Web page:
Pluralities of urban women support the President ending both wars



Over the last fifteen years, our polling of voters in the U.S. has shown that most Democrats vehemently opposed the U.S. wars in Iraq and Afghanistan. In a stunning reversal of past polling, a majority of Democrats disagree with President Trump's plan to withdraw American troops from Syria and a plurality of Democrats disagree with the President on removing troops from Afghanistan. A third (31%) of Democrats agreed (strongly and somewhat agree combined) with Trump, while half (52%) disagreed (strongly and somewhat disagree combined). These numbers were much different than the overall voter figures: 46% of likely voters agreed with Trump, while 37% "disagreed", and 17% were not sure.

Our polling has shown that in past years, Democrats have, like the president, wanted the troops to come home. In 2011, Zogby Analytics polled Democratic voters and 74% "thought it was a bad idea" to have gone to war with Iraq and 57% thought the same about the war in Afghanistan. Additionally, only 21% of Democrats thought "the Afghani people are better off than they were before U.S. led-forces invaded and occupied their country".

Is this a shift in policy on the part of Democratic leaders, or Democrats disagreeing with any proposal put forth by the president? Are the Democrats the new party of "no", and willing to obstruct anything the President does out of mere spite? Presently, the data isn't painting a different picture.

When it came to specific demographics, men (51% agree/37% disagree) were more likely to support the President than women (42% agree/37% disagree). Urban women (42% agree/35% disagree) agreed slightly more with the President than suburban women (37% agree/44% disagree). Younger voters age 18-29 (46% agree/29% disagree) were more likely to agree with Trump than older voters age 65+ (38% agree/48% disagree) about withdrawing American troops from Syria. Republicans (65% agree/23% disagree) and Independents (44% agree/34% disagree) were on board. Younger voters were the most likely to be "not sure" about the President's proposal (25%).

Education did not factor in to how voters felt about Trump's decision to withdraw American troops from Syria. Both college educated (45% agree/41% disagree) and non-college educated (48% agree/33% disagree) voters both were more likely to agree than disagree with the President. Race did indeed play a factor in how voters felt about the issue. White (50% agree/34% disagree) and Hispanic (44% agree/36% disagree) voters supported the President, while African Americans (31% agree/46% disagree) disagreed with removing American troops from Syria.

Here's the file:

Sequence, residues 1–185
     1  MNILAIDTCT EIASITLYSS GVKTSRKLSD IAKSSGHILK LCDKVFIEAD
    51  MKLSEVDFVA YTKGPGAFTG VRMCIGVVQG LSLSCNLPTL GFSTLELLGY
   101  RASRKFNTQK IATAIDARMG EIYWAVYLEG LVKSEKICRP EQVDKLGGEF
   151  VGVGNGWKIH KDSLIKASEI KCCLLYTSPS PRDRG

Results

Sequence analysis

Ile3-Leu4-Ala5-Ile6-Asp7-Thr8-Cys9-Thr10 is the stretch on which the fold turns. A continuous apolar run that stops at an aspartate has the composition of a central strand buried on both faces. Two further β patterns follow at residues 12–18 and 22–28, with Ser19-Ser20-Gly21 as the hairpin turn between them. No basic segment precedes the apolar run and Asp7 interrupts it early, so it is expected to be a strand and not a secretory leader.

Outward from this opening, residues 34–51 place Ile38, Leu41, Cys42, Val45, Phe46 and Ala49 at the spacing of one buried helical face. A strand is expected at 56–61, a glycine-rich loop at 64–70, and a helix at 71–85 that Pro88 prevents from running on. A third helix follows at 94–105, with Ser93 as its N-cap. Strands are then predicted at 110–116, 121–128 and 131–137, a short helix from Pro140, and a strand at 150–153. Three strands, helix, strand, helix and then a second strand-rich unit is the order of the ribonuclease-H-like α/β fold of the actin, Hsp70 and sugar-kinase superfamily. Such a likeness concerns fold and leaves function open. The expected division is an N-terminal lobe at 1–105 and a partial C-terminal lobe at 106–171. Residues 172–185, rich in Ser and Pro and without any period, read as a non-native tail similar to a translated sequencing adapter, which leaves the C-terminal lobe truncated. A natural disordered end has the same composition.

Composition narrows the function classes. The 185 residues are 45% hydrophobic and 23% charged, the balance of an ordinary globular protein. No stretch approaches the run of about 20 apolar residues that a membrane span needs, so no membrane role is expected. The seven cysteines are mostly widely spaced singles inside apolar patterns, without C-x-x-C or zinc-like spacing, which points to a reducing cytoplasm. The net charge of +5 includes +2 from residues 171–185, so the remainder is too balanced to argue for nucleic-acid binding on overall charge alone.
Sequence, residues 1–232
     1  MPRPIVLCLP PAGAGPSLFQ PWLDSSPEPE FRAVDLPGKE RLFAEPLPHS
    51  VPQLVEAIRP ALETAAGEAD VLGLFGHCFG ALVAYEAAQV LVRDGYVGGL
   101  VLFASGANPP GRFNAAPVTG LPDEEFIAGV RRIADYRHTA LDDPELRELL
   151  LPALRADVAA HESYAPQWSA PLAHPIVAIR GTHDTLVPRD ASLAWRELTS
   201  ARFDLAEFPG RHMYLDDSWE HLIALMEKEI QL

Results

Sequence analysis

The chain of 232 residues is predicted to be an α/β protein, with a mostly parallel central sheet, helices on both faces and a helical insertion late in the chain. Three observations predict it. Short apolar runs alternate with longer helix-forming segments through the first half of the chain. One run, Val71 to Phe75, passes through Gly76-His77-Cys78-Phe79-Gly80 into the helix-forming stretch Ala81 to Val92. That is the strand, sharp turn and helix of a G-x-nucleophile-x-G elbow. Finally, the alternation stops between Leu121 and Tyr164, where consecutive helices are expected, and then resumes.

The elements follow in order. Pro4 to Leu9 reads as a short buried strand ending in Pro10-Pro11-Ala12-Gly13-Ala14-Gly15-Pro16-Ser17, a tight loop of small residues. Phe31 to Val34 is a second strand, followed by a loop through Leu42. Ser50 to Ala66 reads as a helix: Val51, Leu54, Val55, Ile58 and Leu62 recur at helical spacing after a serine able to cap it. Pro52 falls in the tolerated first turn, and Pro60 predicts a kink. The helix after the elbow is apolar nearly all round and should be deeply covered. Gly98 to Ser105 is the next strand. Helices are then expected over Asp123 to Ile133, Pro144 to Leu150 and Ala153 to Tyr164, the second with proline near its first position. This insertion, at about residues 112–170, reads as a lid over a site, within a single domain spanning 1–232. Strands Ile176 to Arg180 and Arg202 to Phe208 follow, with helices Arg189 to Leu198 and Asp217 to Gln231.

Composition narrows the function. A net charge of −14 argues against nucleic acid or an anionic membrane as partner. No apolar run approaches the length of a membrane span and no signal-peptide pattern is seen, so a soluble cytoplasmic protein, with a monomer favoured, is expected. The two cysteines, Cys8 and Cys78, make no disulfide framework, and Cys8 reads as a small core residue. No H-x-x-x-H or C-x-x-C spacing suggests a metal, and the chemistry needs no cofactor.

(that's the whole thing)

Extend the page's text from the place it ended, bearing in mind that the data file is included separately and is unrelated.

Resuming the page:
Where voters resided did not play as much a factor as income. A plurality in all regions agreed with Trump, while half of voters in small cities (50% agree/36% disagree) and rural areas (51% agree/29% disagree) "agreed." Pluralities in large cities (45% agree/36% disagree) and the suburbs (44% agree/42% disagree) also agreed with the President's proposal to remove American troops from Syria. More than half of lower income voters (54% agree/26% disagree) agreed with Trump compared to upper income voters (44% agree/45% disagree) who were split on Trump's plan to remove American troops from Syria.


In a similar question to what we asked above, we asked voters' view of Trump's proposal to remove American troops from Afghanistan. Overall, a majority of likely voters strongly and somewhat agreed with President Trump's plan. A third "disagreed", while almost one in five were not sure. Slightly more voters agreed with removing America troops from Afghanistan compared to Syria, which could be attributed to fatigue, since it's America's longest running war ever. There has also been more mainstream media coverage of the Syrian civil war. As with many issues today, the President's proposal is also split down party lines.

Men (57% agree/33% disagree) were more likely to support removing American troops than women (44% agree/33% disagree). Among age groups, 30-49 year olds (55% agree/31% disagree), were the most likely age group to have agreed with American troops leaving Afghanistan, compared to older voters age 65+ (45% agree/41% disagree). The demographics somewhat followed a similar pattern to the previous question as far as other sub-groups. African Americans (28% agree/48% disagree) opposed the President, while Independents (49% agree/29% disagree) and Republicans (58% agree/22% disagree) agreed with withdrawing troops, compared to less Democrats (36% agree/47% disagree). The major difference was again with Hispanics (48% agree/33% disagree) who agreed with Trump's plan to remove troops from Afghanistan. Interestingly, urban women (44% agree/31% disagree) were more likely to agree with Trump compared to suburban women (39% agree/42% disagree).


Zogby Analytics® conducted a poll of 893 likely voters, randomly, online from 1/18/19 to 1/20/19. Based on a confidence interval of 95%, the margin of error for 893 is +/- 3.3 percentage points. This means that all other things being equal, the identical survey repeated will have results within the margin of error 95 times out of 100.